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THE ANCIENT GRUDGE

vinced Lydia she was making headway. "They're going up to-night—these watchmen?"

"Yes. And, oh, Stewart, this is the part that shows how careful Floyd is, how anxious to guard against violence,—more even than his thought of sending these men. They're going up very quietly—by boat—in a way that would never be suspected; because if they went out in the usual way by train or trolley car and tried to get in at the gate, Floyd thought there might be some trouble—some of the men might n't understand why they'd been sent and might try to keep them out; especially seeing they had guns, the workmen might think it was sort of ominous, I suppose, not understanding the motive. So Floyd arranged to have them go up the river very secretly at night by boat and get into the works from the river side; oh yes,—and so that nobody watching along the shore should suspect the boat and give an alarm about armed men coming, he's arranged to have them go up in coal-barges, towed by a little tug—coal-barges roofed over, that no one would ever suspect. Of course the only place where riots and violence would be liable to occur is right round the mill gates; and if these watchmen can only be landed quietly in the mills, they can prevent any trouble that may threaten. Don't you think really, Stewart, that this puts Floyd's motives in a better light?"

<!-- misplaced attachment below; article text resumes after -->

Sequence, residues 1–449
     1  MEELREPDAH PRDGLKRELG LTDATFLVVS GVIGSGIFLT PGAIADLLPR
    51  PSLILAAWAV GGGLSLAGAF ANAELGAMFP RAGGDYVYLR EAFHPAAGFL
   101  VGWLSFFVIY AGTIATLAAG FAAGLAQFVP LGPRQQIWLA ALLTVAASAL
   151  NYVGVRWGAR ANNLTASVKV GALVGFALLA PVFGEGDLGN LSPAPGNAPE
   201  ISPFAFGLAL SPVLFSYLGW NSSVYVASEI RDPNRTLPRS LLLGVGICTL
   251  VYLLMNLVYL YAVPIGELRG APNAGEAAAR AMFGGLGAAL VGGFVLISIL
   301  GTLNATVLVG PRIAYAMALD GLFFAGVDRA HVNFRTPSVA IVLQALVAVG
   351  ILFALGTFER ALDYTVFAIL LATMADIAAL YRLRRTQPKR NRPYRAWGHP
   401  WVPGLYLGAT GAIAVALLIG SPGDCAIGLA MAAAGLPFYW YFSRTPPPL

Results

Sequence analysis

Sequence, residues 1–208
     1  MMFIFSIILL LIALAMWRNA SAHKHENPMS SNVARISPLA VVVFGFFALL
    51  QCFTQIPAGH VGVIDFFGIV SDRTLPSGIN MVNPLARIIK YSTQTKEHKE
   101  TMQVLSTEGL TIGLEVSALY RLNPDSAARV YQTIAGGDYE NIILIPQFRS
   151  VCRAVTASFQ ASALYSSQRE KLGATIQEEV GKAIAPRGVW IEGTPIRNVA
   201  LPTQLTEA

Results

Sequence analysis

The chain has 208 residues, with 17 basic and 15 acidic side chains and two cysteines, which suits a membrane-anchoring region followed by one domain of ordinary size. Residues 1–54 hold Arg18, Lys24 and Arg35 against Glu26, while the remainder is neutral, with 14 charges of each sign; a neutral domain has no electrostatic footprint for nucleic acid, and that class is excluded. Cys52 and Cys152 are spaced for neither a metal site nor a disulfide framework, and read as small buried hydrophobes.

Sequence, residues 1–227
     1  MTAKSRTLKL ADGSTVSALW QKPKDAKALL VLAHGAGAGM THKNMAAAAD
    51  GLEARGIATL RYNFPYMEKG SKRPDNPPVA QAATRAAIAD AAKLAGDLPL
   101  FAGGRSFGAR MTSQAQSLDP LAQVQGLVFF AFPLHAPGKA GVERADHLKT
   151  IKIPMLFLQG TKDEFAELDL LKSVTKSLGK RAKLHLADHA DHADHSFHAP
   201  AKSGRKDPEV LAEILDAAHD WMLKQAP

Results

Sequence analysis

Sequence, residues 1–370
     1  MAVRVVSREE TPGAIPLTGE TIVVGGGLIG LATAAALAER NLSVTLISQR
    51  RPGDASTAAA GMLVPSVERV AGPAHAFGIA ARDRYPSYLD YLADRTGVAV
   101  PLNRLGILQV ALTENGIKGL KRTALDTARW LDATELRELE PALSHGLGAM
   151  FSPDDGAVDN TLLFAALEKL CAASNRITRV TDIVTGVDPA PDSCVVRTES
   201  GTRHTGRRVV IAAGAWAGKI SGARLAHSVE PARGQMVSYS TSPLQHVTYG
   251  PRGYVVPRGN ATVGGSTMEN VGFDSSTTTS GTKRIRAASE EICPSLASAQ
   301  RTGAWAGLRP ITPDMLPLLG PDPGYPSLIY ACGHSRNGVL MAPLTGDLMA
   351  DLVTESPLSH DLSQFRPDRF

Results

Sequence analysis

"Did Marion say what time these watchmen would start—what time they'd arrive?"

"They were to reach the works at about eleven o'clock."

She waited anxiously for Stewart to pronounce an opinion, to make some slight admission of leniency, even the most grudging. If he would do this, she could have faith; but if he should fail to render justice now—

"You regard this measure as an indication that Floyd has forsworn violence?" Stewart asked the question mildly, looking at his wife with a smile.

"Why, yes, Stewart, of course. What else could it mean?"